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32nd Avenue Extension Project

The NW 32nd Avenue Extension Project proposes improvements for a freight and intermodal corridor, moving freight traffic from local roads and constructing detached sidewalks, protected mobility lanes, and connections to existing trails.

The Project will provide a safe, efficient, and freight supportive facility to encourage economic development at the Port of Vancouver and divert freight traffic from neighborhood streets in Fruit Valley. The Project will reduce local and regional congestion, improve livability in the Fruit Valley neighborhood, and enhance access to the Port of Vancouver and nearby industrial areas.

Project Context

In Vancouver, travel time on I-5 southbound during morning peak hours increased 291 percent between 2011 and 2015, and average speeds have reduced from 31 mph to 8 mph.

As a result, traffic attempting to avoid highway slowdowns use Fruit Valley Road, a two-lane road that carries the highest traffic volume of any road on Vancouver’s Westside during morning rush hours.

Additional growth in the area will contribute to this traffic volume. More than 2,500 jobs are projected to be created by 2035 in the Port of Vancouver and adjacent industrial areas. One million square feet of new industrial development is currently under construction in the current 32nd Avenue corridor.

Developing efficient and reliable freight routes is an important component of the 2016 Westside Mobility Strategy for the City of Vancouver, and the 32nd Avenue Extension Project is key to achieving this mobility goal.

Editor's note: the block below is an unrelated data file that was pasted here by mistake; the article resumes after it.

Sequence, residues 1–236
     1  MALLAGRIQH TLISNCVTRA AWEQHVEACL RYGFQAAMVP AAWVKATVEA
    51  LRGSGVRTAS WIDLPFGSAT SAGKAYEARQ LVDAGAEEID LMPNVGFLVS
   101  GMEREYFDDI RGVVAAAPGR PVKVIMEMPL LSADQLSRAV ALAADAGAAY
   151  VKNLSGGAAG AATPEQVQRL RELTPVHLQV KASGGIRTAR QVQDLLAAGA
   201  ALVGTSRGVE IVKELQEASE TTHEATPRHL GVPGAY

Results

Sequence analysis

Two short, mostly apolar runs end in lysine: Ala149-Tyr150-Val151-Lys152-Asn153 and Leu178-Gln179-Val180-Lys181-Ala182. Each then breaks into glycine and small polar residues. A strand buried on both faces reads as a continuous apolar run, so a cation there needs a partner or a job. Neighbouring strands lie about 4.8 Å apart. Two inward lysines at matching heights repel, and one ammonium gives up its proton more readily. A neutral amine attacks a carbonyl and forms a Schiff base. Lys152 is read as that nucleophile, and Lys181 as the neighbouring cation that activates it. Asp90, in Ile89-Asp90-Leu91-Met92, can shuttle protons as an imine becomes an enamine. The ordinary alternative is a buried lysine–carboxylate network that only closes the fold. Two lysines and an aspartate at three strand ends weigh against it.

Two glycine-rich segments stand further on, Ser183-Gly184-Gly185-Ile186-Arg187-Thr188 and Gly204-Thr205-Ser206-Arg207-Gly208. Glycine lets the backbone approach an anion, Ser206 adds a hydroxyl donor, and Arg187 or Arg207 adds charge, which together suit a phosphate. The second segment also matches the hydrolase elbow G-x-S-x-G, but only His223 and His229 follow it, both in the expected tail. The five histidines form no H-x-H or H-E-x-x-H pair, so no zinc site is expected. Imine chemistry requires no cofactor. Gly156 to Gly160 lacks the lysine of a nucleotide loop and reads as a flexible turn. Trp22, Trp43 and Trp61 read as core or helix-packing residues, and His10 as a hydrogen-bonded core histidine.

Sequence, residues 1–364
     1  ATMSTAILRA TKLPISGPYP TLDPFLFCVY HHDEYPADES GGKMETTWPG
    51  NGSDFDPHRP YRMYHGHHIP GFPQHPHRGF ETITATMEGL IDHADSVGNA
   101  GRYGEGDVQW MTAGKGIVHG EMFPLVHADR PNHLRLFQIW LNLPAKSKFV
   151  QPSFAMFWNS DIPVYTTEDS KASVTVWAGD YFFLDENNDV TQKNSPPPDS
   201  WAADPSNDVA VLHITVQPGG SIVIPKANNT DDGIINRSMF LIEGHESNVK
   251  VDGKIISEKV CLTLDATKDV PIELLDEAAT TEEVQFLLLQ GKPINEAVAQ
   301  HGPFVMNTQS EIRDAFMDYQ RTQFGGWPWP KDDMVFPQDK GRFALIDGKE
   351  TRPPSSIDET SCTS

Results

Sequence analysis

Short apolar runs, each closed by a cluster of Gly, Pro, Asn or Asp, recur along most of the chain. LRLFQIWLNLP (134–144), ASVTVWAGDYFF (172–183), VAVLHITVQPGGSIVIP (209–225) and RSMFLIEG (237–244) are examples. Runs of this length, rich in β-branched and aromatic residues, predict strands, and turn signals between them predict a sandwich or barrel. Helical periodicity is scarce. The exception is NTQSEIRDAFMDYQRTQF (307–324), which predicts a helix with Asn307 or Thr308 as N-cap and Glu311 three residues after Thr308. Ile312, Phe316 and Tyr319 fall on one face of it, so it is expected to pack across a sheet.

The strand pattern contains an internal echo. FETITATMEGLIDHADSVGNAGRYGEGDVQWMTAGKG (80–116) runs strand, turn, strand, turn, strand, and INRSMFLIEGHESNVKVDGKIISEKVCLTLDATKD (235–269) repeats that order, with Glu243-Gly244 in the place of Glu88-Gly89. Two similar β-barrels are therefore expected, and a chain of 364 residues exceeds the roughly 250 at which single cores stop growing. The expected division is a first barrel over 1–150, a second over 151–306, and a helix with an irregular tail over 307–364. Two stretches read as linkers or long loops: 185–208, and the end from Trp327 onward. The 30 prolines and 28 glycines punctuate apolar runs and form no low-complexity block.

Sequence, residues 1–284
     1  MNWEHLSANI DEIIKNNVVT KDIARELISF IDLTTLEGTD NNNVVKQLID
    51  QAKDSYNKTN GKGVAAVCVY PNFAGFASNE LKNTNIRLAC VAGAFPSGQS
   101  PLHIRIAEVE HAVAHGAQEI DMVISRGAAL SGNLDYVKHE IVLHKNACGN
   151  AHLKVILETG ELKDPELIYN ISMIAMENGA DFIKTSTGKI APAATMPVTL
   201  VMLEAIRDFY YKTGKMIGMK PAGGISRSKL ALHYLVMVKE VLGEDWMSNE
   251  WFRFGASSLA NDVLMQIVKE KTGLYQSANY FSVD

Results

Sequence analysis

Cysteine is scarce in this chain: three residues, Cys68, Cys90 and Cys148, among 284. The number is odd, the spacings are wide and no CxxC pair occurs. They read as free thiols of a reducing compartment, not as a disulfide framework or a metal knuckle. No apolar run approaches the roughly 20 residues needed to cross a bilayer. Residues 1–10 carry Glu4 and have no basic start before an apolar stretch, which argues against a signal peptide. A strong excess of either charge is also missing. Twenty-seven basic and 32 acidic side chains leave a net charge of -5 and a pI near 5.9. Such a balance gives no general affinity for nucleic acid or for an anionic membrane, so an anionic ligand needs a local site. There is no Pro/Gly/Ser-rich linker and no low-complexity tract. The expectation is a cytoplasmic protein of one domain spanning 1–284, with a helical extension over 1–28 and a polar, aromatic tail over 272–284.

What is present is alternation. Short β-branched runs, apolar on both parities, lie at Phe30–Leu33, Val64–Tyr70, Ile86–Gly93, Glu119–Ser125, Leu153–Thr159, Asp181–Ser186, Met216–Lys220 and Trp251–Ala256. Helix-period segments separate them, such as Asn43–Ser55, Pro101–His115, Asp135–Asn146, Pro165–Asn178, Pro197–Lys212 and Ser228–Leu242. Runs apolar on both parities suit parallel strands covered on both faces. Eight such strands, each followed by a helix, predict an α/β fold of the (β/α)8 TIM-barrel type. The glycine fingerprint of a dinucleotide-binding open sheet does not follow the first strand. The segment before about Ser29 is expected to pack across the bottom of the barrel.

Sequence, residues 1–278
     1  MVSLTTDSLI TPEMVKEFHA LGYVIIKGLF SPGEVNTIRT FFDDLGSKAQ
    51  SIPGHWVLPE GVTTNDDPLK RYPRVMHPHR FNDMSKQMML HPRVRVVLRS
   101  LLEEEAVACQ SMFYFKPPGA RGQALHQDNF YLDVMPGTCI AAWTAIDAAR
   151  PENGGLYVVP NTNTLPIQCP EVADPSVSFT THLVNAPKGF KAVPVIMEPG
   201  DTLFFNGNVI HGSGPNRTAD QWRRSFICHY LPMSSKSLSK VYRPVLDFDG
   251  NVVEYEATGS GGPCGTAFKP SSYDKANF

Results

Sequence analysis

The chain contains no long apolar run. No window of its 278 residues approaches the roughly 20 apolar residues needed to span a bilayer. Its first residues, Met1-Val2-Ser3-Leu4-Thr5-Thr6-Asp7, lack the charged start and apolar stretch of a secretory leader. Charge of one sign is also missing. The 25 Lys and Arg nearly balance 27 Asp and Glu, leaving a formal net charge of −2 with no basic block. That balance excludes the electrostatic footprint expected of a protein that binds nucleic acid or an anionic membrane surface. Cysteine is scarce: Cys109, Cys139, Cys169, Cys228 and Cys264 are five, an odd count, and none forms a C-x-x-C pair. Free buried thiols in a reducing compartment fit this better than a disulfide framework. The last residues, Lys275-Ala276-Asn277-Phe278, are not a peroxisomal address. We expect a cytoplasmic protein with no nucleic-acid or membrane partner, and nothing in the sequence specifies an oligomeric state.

Project Benefits

  1. The 32nd Avenue Extension corridor from Lower River Road to 78th Street would provide a reliable and direct connection for commuters who work in the industrial areas and freight that needs to move to I-5.
  2. The roadway has the potential to catalyze new development of industrial lands north of Mill Plain Boulevard by providing efficient access to regional freight routes and bypassing arterials with high volumes of commuter traffic, such as Fruit Valley Road or Fourth Plain Boulevard.
  3. The new roadway will help to preserve livability and safety within Westside residential areas by drawing freight and commuter traffic away from arterials and local streets that run through those neighborhoods.
  4. The pedestrian and bike facilities constructed with the roadway and bridge can greatly enhance multi-modal safety and accessibility to local green space and recreation opportunities Vancouver Lake, Frenchman’s Bar and the Burnt Bridge Creek Trailhead.

Industrial Access Feasibility Study

In 2019, the City of Vancouver conducted a study to understand the feasibility of the proposed 32nd Avenue extension project. The feasibility study looked at the components needed to make this connection including roadway routes, bridges, trail connections, phasing, and potential funding. The project also evaluated the hydrology and geology to understand the complex area where a roadway could be built in the area.

The feasibility study explored:

Bikeway facilities, including the location of bike lanes and shoulders.